This research draws from a large sample of data to assess the extent to which some professional attributes of academic staff in African Universities contribute to their propensity to adopt internet platforms for spreading their research. The study covered a broad spectrum of 20 online platforms including social networks, online repositories and preprint servers. The study is quantitative and has great implications as discussed in the main file.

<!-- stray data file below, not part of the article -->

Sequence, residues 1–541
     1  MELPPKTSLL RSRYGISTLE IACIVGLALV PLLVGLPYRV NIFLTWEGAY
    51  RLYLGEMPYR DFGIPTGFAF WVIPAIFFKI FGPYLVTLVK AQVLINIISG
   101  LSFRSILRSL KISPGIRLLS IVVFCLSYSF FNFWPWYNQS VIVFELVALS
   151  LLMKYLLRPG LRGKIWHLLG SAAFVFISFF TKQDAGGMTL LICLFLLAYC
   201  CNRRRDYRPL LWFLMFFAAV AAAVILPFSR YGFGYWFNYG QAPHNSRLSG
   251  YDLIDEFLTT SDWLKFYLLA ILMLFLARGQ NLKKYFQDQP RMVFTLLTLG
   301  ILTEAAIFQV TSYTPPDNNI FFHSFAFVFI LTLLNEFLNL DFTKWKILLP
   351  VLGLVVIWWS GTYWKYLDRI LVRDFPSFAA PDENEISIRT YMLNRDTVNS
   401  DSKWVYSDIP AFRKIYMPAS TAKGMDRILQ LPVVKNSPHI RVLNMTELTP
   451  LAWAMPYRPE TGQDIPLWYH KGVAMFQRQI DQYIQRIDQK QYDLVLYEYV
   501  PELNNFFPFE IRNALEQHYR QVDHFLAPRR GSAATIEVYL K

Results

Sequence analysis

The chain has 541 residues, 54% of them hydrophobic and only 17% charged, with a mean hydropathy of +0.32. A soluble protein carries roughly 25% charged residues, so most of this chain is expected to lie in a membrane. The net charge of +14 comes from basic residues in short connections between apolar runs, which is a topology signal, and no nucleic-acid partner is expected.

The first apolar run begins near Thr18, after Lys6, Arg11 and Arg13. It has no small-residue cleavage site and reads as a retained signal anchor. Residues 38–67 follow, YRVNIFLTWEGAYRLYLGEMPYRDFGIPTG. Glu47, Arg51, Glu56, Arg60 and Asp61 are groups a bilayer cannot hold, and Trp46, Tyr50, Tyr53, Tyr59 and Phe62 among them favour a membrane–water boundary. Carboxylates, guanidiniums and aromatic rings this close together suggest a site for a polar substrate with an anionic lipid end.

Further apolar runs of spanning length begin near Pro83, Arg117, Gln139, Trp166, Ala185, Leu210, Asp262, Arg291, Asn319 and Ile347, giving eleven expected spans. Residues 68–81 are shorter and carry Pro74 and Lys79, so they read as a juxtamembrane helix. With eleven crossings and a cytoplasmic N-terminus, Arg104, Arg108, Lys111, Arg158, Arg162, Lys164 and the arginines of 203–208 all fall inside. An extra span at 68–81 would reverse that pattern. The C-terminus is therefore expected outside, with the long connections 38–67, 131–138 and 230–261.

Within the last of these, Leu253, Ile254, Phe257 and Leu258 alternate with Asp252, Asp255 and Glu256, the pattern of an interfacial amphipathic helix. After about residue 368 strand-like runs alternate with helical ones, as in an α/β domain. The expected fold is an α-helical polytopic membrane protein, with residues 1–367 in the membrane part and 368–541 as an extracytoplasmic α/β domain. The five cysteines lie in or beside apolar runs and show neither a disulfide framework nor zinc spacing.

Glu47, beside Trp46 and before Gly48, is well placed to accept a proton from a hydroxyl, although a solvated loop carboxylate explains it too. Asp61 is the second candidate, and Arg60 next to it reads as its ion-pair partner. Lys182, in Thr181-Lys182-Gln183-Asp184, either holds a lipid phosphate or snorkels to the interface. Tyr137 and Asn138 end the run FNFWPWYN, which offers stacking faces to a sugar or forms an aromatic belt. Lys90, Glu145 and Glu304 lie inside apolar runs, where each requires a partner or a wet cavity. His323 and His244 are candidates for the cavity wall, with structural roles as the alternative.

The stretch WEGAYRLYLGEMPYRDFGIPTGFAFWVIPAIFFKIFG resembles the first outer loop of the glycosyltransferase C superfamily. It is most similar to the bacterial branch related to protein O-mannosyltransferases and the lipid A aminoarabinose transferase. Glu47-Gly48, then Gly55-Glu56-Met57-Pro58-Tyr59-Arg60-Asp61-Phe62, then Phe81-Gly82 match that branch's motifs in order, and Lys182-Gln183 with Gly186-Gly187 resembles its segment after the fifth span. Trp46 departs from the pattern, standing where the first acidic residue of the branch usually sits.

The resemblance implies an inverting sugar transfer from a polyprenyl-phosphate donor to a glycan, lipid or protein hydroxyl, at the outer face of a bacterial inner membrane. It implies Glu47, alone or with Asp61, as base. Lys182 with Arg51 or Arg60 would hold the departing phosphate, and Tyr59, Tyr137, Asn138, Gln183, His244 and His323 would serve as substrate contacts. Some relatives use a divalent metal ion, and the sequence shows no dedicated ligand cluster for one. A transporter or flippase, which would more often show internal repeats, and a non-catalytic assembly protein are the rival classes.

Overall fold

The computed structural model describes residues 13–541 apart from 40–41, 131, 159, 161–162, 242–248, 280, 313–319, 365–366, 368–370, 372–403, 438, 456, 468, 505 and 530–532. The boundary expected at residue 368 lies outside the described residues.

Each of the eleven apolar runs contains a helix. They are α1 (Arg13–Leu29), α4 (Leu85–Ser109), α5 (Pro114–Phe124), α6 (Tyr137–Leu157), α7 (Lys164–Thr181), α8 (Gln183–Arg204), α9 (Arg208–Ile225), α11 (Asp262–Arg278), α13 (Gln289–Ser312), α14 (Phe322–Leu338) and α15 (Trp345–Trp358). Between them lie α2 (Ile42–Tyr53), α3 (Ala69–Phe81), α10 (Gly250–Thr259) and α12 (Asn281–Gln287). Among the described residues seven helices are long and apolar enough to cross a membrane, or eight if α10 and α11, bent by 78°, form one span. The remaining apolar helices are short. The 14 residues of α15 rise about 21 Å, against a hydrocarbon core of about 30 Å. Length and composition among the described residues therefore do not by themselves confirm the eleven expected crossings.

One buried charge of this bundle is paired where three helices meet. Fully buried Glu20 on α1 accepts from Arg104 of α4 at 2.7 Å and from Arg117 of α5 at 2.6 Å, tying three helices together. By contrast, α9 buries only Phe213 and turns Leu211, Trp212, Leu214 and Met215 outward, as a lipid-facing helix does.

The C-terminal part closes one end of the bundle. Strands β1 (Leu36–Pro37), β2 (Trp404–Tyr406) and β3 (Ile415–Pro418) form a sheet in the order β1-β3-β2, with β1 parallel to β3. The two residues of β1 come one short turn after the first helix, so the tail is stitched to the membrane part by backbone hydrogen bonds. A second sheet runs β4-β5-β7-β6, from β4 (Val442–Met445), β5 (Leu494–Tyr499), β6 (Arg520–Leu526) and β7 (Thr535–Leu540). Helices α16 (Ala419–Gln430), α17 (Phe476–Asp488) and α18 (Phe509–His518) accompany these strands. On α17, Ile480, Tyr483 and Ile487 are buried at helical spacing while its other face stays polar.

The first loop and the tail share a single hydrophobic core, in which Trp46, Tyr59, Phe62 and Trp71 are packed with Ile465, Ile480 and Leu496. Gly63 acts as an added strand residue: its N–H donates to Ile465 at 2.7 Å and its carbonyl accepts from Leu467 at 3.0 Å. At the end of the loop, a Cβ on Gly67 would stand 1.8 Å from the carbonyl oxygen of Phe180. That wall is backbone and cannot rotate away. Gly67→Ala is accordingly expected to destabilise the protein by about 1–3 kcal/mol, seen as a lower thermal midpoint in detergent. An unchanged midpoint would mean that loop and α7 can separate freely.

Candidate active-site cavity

This study assessed the professional variables of academic staff in African varsities and their readiness to Utilise Internet-Based Channels for Research Communication in an era of Covid-19. Drawing from Maslow’s hierarchy of needs theory, the study was guided by four null hypotheses. The quantitative research method based on the virtual cross-sectional survey design was adopted. A total of 8,591 academics in African universities were the targeted demographic of this study. However, data were collected from a virtual snowball sample of 1,977 respondents (males, N = 1347; females, N = 630) from 24 African countries. A validated electronic survey, with three major aspects, was employed for data collection. The e-survey was released on the Association of African Universities' Telegram forum, which includes 1,622 participants from diverse African nations and regions. Members of the forum, who are all academics, were invited to complete the survey and publish it on their universities' internet-based forums. Coded data were analysed using descriptive and inferential statistics such as the Kruskal Wallis Non-parametric test. The non-parametric test was used because the data failed to meet the normality assumptions required to perform a parametric test. Results indicated, amongst others, that there are considerable variances in staff preparedness to use internet-based channels for research communication based on their educational credentials, educational qualification, rank and areas of research interest. According to the survey, academics with a doctoral degree; grade II lecturers; staff with 3 to 6 years of service; and staff in the medical sciences demonstrated a higher propensity of readiness to use internet-based channels for research communication. Based on these findings key theoretical, practical and research implications are discussed.